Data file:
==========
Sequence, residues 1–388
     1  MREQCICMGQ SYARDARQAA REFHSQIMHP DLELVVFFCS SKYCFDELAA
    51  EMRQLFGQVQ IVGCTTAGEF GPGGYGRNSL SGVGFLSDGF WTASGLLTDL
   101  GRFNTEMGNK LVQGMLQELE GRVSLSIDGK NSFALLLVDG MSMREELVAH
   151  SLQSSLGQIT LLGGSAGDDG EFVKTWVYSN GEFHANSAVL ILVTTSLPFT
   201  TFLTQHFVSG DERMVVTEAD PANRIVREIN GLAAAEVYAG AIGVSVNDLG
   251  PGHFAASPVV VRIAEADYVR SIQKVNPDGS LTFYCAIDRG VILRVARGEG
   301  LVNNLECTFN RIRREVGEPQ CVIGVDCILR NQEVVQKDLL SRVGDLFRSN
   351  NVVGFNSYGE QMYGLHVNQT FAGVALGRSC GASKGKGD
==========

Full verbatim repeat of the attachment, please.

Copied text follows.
Sequence, residues 1–388
     1  MREQCICMGQ SYARDARQAA REFHSQIMHP DLELVVFFCS SKYCFDELAA
    51  EMRQLFGQVQ IVGCTTAGEF GPGGYGRNSL SGVGFLSDGF WTASGLLTDL
   101  GRFNTEMGNK LVQGMLQELE GRVSLSIDGK NSFALLLVDG MSMREELVAH
   151  SLQSSLGQIT LLGGSAGDDG EFVKTWVYSN GEFHANSAVL ILVTTSLPFT
   201  TFLTQHFVSG DERMVVTEAD PANRIVREIN GLAAAEVYAG AIGVSVNDLG
   251  PGHFAASPVV VRIAEADYVR SIQKVNPDGS LTFYCAIDRG VILRVARGEG
   301  LVNNLECTFN RIRREVGEPQ CVIGVDCILR NQEVVQKDLL SRVGDLFRSN
   351  NVVGFNSYGE QMYGLHVNQT FAGVALGRSC GASKGKGD